- Mike Frenette
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OK, I know too many of you reading this blog snow is not a big deal.
But to this southern boy, snow is a BIG deal. Living just south of New Orleans, snow is the last thing we expect.
Last night my youngest son Stephen was playing in a soccer game in pouring down — and I do mean pouring down — rain, 40 degree temperatures and wind about 25-30 miles per hour. Now of course that's when my brilliant statement flowed from my lips, "Could be worse, could be snowing." I don't believe in the ole crystal ball theory, and I knew from just listening to the weather forecast that snow was definitely not a possibility, as all the possibilities of snow would be way to the west and north of us. There was not even a one percent chance.
The game felt like hours in the miserable rain. On top of that, we lost and I hate to loose.
Once I was tucked into bed, I watched the news and the forecast for west to northwest Louisiana had a possibility of snow. Again the weatherman reassured the New Orleans viewers that New Orleans, especially south of Lake Ponchatrain had NO chance of snow. I could sleep comfortably.
What was that noise? It's pitch dark, and I can't quite figure out where and what it is. I fumbled and stumbled around. My internal radar finally located the noise. It's my cell phone. Who in the heck and what time is it? 4:45 a.m.
The face on my phone lets me know it is my son Michael calling from school. In the fraction of a second just prior to me answering the phone, many thoughts raced through my mind. Of course, none of the thoughts were good. C'mon now, you would feel the same if your son called you at that time. Any way, I reluctantly answered.
"Is it snowing dad? It is here."
"Michael it is 4:45 a.m.", I reply. I'm not fishing today. Actually, this is the first day I have not had to fish in three weeks and you call to ask me if it is snowing.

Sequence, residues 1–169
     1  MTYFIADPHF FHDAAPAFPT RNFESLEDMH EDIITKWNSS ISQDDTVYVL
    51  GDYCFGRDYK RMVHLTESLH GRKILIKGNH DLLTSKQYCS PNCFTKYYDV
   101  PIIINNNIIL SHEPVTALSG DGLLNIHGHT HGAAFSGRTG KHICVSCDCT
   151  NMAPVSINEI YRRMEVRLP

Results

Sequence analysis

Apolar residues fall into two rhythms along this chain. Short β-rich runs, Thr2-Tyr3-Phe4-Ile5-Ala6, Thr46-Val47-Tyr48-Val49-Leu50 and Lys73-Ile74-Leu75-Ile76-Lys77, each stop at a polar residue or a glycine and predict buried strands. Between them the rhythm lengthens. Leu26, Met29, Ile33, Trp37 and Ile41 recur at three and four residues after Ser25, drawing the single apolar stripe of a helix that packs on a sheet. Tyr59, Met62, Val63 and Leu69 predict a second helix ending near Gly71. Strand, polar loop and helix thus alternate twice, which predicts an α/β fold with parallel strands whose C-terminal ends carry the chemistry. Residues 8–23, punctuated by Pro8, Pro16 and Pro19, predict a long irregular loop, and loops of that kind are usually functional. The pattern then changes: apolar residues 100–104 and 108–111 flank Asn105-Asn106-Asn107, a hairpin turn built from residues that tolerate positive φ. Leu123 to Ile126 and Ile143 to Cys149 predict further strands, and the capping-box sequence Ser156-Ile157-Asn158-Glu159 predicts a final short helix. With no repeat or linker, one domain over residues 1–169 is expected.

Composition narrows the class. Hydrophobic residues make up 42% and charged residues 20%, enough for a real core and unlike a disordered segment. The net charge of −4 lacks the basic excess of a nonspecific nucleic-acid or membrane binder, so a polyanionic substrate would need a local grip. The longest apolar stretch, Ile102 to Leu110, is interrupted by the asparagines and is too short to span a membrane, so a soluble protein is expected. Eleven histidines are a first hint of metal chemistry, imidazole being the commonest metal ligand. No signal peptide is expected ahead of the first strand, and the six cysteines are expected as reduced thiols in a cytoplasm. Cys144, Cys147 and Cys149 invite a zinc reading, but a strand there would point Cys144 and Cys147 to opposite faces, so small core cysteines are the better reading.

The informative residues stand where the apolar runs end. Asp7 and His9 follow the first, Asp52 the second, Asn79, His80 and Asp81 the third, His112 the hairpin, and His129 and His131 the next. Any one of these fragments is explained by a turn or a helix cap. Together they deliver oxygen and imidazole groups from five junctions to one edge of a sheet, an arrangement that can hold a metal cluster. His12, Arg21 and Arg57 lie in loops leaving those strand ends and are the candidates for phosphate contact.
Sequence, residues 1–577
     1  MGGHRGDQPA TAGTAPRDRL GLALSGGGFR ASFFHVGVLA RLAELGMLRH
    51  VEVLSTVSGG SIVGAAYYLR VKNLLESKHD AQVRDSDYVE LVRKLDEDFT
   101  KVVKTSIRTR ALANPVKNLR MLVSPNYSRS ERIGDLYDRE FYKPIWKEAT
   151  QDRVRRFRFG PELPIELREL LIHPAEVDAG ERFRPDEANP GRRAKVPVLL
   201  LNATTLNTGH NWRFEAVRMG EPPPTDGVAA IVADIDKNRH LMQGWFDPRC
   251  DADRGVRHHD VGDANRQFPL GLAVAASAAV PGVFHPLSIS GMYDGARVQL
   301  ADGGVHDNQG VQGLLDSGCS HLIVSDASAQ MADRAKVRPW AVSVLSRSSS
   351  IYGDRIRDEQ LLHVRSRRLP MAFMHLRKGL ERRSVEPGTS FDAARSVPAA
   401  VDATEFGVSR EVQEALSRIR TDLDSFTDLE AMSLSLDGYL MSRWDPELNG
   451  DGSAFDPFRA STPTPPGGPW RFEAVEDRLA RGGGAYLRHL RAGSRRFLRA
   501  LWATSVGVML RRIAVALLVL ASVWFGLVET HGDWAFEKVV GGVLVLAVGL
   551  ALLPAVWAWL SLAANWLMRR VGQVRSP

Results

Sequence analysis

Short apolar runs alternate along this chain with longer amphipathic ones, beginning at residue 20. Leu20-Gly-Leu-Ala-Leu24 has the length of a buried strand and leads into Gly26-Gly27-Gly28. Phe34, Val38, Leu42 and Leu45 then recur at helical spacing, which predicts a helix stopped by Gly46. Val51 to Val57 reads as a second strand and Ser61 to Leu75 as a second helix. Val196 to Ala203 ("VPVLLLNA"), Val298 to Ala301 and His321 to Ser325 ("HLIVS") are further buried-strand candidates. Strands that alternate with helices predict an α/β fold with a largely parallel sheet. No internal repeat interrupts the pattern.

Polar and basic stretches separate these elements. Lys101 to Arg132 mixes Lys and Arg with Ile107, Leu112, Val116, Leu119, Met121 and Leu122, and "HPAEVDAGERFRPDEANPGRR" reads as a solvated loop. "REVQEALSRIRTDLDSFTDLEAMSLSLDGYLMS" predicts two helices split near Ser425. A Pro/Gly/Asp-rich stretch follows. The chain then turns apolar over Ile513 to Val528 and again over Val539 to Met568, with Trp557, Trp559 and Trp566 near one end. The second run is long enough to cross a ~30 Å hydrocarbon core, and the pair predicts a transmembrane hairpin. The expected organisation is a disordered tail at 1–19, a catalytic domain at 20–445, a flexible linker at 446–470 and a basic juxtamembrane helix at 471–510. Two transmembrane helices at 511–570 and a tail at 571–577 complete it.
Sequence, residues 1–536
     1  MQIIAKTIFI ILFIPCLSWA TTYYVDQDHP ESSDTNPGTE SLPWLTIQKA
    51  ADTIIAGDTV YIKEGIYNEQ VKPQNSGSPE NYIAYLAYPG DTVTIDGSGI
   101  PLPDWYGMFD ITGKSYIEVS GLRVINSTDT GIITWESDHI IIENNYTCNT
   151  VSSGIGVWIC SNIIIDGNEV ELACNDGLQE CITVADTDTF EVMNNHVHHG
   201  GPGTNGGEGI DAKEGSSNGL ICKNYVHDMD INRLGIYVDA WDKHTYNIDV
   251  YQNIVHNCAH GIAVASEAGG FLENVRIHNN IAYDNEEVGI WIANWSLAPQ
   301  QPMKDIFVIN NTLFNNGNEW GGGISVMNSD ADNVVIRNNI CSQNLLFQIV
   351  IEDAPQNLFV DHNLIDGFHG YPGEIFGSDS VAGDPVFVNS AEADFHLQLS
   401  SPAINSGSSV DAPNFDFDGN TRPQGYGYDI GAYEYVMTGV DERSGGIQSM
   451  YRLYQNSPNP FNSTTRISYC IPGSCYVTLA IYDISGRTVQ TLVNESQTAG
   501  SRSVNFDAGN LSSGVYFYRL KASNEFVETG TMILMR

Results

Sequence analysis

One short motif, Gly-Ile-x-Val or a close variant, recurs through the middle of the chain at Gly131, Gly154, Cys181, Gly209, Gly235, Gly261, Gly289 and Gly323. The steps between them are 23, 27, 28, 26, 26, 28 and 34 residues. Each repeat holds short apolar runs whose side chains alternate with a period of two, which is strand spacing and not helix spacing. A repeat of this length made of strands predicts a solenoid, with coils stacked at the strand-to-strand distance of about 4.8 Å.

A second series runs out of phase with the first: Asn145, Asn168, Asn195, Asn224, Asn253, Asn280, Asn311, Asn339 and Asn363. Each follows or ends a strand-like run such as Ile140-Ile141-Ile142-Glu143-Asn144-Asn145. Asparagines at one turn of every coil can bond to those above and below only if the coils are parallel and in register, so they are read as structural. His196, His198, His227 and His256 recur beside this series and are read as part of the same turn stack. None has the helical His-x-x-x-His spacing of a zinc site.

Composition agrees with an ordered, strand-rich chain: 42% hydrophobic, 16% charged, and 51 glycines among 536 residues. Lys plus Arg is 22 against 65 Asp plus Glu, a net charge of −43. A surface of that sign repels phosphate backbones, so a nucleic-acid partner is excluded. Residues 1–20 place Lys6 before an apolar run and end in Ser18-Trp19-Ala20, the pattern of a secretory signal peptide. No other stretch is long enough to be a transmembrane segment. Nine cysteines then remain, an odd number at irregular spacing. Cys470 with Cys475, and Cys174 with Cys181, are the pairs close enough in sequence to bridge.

As the cobwebs deteriorated from my mind I slowly remember last night's forecast. Could they be wrong? I dashed — well dashing to me at 4:45 a.m. is a slow, careful move towards the window.
Glaring out the window, focusing on the outside I can plainly see no snow.
"No, Michael it is not snowing." Afraid to ask, but I did anyway, "Michael what are you doing up at 4:45 a.m. anyway?"
"We have been up all night studying for our math final that is at 8."
"Good answer, Mike," I told him.
"Seriously, Dad," he replied.
"OK, Mike it's not snowing, good luck on your exam, going back to bed."
Twenty minutes later, the phone rang again.
"Dad you sure it's not snowing? It is like a blizzard here."
Like this kid knows what a blizzard is. Glancing outside, yes I did see a glimmer, a reflection from the glow emanating from the street light. A floating, soft looking particle descending to the ground that with some imagination might be a snowflake. Having great faith in my weatherman I knew I was wrong, as it could not be snow.
As morning gave way to light, the sky gave way. Snow, in huge, soft white flakes began to fill the sky. Now it was snowing.
My wife immediately regressed to her childhood demeanor, jumping around the house like a five-year-old.
"C'mon, C'mon, get dressed we have to go outside."
I got nervous. I certainly don't mind going outside and experiencing history, but the last thing I'm doing is laying on my back, flapping my arms and legs to make a snow angel and who else knows what other silly things she will make me do. Don't laugh you probably have a wife as well.
Once outside, it was pretty cool. The snow actually came down heavy — heavy for us. My Triton Bass boat was full of snow. Bella our weenie dog was crazed. And I did some of those silly things I swore I would not do.
And, yes Michael, I think it might have been a blizzard!
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